On the accuracy of language trees.

Pompei S, Loreto V, Tria F - PLoS ONE (2011)

Robinson-Foulds and Quartet Distance: errors due to a displacement of a couple of subtrees.The trees  and  are different because of the swap of the subtrees A and B. While computing the distance between  and , the Robinson-Foulds distance detects all the  edges in the path as errors, regardless of the size of the subtrees attached to them. The number of wrong butterflies quartets counted as errors with the Quartet Distance is expressed by : the QD thus depends on the size of the subtrees.
© Copyright Policy
Related In: Results  -  Collection

Show All Figures
getmorefigures.php?uid=PMC3108590&req=5

pone-0020109-g003: Robinson-Foulds and Quartet Distance: errors due to a displacement of a couple of subtrees.The trees and are different because of the swap of the subtrees A and B. While computing the distance between and , the Robinson-Foulds distance detects all the edges in the path as errors, regardless of the size of the subtrees attached to them. The number of wrong butterflies quartets counted as errors with the Quartet Distance is expressed by : the QD thus depends on the size of the subtrees.
Mentions: In [32], [33] a deep analysis of both RF and QD is reported, pointing out the different information the two measures convey. In limiting cases, pairs of trees that have the same RF distance but very different QD, and vice-versa, are also shown. In Fig. 3, quoting an enlightening example in [32], [33], we show how the RF and the QD measures weigh a swapping event of two subtrees in a tree. In this case the RF distance is equal to the number of edges in the path between the swapped subtrees, while the QD is sensitive to the size of the subtrees. The RF is then a good measure if we are interested in measuring how far apart subtrees are moved in one tree with respect to another. When we are interested instead in the size of the displaced subtrees, the quartet distance is a more adequate measure.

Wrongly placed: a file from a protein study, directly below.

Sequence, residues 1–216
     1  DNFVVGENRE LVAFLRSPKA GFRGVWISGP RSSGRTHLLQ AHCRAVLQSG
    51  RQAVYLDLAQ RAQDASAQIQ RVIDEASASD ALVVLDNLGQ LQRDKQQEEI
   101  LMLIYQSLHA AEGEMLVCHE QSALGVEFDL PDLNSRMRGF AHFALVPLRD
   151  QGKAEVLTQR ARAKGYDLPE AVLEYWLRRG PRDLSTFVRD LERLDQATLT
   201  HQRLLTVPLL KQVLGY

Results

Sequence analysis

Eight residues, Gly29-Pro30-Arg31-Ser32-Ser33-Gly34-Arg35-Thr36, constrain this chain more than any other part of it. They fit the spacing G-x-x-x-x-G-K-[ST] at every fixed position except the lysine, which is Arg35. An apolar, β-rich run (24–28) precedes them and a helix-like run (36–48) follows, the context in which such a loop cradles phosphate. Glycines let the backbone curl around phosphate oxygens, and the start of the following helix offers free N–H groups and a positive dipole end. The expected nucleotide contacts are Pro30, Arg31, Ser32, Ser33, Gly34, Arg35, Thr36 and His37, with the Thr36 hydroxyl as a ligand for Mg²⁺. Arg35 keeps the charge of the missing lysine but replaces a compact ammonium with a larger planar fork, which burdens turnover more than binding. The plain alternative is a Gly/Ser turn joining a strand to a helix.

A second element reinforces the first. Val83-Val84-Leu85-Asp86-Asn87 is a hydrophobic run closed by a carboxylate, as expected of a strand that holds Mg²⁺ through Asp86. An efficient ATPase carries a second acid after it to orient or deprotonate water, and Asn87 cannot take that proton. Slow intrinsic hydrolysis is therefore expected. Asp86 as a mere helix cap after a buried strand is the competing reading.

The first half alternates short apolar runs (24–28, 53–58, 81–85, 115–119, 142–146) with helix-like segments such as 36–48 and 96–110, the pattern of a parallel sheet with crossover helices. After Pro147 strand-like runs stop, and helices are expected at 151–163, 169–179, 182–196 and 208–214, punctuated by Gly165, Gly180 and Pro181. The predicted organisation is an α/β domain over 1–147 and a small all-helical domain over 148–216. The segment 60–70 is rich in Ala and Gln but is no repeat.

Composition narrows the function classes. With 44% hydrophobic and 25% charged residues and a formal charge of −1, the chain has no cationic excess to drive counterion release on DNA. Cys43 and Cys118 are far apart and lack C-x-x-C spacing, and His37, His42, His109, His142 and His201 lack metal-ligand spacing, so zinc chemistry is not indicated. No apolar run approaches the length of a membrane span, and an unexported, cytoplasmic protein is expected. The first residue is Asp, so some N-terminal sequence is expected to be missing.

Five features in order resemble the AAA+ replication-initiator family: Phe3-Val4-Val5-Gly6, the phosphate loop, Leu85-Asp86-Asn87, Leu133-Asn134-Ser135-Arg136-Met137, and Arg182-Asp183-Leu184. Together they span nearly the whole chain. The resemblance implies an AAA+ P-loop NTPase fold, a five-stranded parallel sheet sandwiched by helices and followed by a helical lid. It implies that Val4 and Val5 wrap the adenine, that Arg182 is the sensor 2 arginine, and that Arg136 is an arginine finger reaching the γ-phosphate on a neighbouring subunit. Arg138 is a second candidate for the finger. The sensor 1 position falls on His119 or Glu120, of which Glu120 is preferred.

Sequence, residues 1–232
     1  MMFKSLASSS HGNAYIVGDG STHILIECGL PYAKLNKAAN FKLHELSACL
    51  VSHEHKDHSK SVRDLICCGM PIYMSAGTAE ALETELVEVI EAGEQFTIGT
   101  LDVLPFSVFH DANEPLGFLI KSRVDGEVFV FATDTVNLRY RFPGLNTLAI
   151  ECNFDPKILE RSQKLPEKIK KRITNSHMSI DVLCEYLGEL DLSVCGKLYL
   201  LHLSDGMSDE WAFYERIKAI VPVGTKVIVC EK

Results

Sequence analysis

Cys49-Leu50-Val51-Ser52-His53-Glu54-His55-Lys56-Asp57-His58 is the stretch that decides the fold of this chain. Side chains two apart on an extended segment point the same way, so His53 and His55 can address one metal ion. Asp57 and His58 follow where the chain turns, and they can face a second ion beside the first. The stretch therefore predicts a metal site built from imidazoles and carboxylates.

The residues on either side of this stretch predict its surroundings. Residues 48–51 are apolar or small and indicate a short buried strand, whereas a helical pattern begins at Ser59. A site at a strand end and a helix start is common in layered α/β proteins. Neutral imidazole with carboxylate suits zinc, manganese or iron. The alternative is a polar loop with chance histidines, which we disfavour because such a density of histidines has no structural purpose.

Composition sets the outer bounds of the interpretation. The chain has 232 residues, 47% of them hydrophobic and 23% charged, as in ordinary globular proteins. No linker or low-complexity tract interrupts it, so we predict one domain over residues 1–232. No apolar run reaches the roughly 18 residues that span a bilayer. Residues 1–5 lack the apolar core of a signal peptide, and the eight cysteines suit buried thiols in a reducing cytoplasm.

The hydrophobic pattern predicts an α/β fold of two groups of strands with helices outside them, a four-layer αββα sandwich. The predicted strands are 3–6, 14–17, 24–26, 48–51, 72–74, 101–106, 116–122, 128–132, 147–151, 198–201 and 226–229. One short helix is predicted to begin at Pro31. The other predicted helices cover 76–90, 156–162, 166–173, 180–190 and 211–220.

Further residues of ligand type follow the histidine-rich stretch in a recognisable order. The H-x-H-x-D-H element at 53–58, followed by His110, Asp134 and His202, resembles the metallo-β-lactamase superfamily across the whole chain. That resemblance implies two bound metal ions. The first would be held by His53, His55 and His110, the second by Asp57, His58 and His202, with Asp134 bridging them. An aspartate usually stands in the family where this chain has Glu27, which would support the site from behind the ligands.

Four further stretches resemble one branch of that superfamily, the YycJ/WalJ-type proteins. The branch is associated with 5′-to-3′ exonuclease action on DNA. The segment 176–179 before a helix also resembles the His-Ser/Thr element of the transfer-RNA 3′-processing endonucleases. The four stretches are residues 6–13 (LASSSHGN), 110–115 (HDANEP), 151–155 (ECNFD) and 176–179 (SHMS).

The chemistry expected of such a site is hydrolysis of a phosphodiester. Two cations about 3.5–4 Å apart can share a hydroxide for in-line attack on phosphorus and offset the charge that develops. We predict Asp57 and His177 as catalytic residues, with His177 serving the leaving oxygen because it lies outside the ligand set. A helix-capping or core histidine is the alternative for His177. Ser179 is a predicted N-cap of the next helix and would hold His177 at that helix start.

Bottom Line: This procedure presents an intrinsic limitation: when dealing with real data sets, one typically does not know which model of evolution is the most suitable for them.A possible way out is to compare algorithmic inference with expert classifications.Based on these scores we quantify the relative performances of the distance-based algorithms considered.

View Article: PubMed Central - PubMed

Affiliation: Complex Systems Lagrange Lab, Institute for Scientific Interchange, Torino, Italy.

ABSTRACT
Historical linguistics aims at inferring the most likely language phylogenetic tree starting from information concerning the evolutionary relatedness of languages. The available information are typically lists of homologous (lexical, phonological, syntactic) features or characters for many different languages: a set of parallel corpora whose compilation represents a paramount achievement in linguistics. From this perspective the reconstruction of language trees is an example of inverse problems: starting from present, incomplete and often noisy, information, one aims at inferring the most likely past evolutionary history. A fundamental issue in inverse problems is the evaluation of the inference made. A standard way of dealing with this question is to generate data with artificial models in order to have full access to the evolutionary process one is going to infer. This procedure presents an intrinsic limitation: when dealing with real data sets, one typically does not know which model of evolution is the most suitable for them. A possible way out is to compare algorithmic inference with expert classifications. This is the point of view we take here by conducting a thorough survey of the accuracy of reconstruction methods as compared with the Ethnologue expert classifications. We focus in particular on state-of-the-art distance-based methods for phylogeny reconstruction using worldwide linguistic databases. In order to assess the accuracy of the inferred trees we introduce and characterize two generalizations of standard definitions of distances between trees. Based on these scores we quantify the relative performances of the distance-based algorithms considered. Further we quantify how the completeness and the coverage of the available databases affect the accuracy of the reconstruction. Finally we draw some conclusions about where the accuracy of the reconstructions in historical linguistics stands and about the leading directions to improve it.

Show MeSH